Taking bets on talent over experience spurred success for Danny Moore from Options
Danny Moore is the chief operating officer of financial technology firm Options. He is a former head of Wombat Financial Software. He also set up Lough Shore Investments to back companies and projects.
How did your career path come to working as chief operating officer for Options?
I've known Nigel Kneasey (the founder and chief executive) for a long time and think Options is a very high potential business that will do great things as the fintech (financial technology) market picks up.
Do you have any regrets about anything you've done so far in business or your career in general?
If I had to do it over I'd go to New York at 19 and try to get a job as a quant (quantitative analyst) instead of going to university.
In the end I didn't get into financial technology until I was 29, so have ended up delivering technology to quants rather than being one myself.
My advice to anyone with an inclination towards a career in finance is to get started as early as possible and spend as much time as possible in London or New York in your twenties.
Name the three people to whom you owe your present success.
Only one person really stands out. I'd have to say Brian Conlon (managing director of First Derivatives) for his policy of taking bets on talent over experience, which is also at the core of how we ran Wombat and now Options.
That's how a guy like me with 14 months experience (and who didn't know what the NASDAQ was) ended up running a sales office in New York. I do appreciate he was serving his own self-interest, as are we, but he's given a lot of people a foot into a career in finance.
Do you ever switch off from work – and if so, how?
Not really. I don't really see it as work. I made the decision when I was 25 only to focus on career paths I enjoyed and which piqued my interest. Life is too short.
You worked for Wombat, a US corporation, and for First Derivatives, which is still independently owned. In the long-run is it better for the Northern Ireland economy to nurture more home-grown success, or to seek to attract more foreign direct investment?
Eight of the first 10 full-time employees in Wombat were from Northern Ireland, so in a lot of ways it was a home grown success. I do think there needs to be a balance.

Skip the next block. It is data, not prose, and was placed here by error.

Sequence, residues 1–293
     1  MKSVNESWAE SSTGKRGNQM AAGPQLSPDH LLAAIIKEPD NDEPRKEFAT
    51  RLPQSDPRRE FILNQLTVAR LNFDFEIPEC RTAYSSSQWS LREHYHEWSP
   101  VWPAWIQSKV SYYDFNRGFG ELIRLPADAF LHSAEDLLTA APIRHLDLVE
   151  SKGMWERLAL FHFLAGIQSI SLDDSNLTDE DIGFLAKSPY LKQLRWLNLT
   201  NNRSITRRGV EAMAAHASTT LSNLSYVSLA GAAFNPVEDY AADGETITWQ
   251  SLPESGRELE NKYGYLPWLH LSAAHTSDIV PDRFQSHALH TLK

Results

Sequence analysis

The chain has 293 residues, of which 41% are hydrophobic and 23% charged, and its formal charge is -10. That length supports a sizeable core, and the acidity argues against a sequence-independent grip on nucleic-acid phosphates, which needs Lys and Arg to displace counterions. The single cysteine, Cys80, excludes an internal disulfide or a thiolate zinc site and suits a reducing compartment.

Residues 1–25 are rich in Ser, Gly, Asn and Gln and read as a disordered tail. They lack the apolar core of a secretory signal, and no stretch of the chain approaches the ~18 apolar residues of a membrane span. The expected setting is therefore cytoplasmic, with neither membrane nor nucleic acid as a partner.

You head up Lough Shore Investments – is it still active? What was the investment you were most happy with?
Lough Shore is still going strong and my expectation is that it will still be active in 20 or 30 years years.
Sendmybag.com is a cracking company that we're proud to be associated with – and obviously winning the Oscar with The Shore (a short film starring Ciaran Hinds which was funded by Lough Shore) was very cool. That said, I'm most happy with Lough Shore Technologies, a sister company of LSI. It is currently operating under the radar, but we expect great things from it over the next few years.
Have you seen a change in companies' willingness to embrace different funding models here?
I'm sorry to say we think the current technology funding environment is extremely toxic and will do lasting damage to the psyche of tech entrepreneurs in Northern Ireland.
At a general level tech entrepreneurs (or anyone trying to build a successful business) should always strive to bring in 'smart' money and avoid 'dumb' money like the plague. Funding in Northern Ireland is dominated by a group of government funds and private investors who made their money outside of technology, the definition of dumb money.
Having entrepreneurs seeking investment pitch their ideas to career civil servants is the definition of insane, as is loading start-up boards with the same career directors again and again – usually folks who've never ran a successful technology business (or any business in many cases).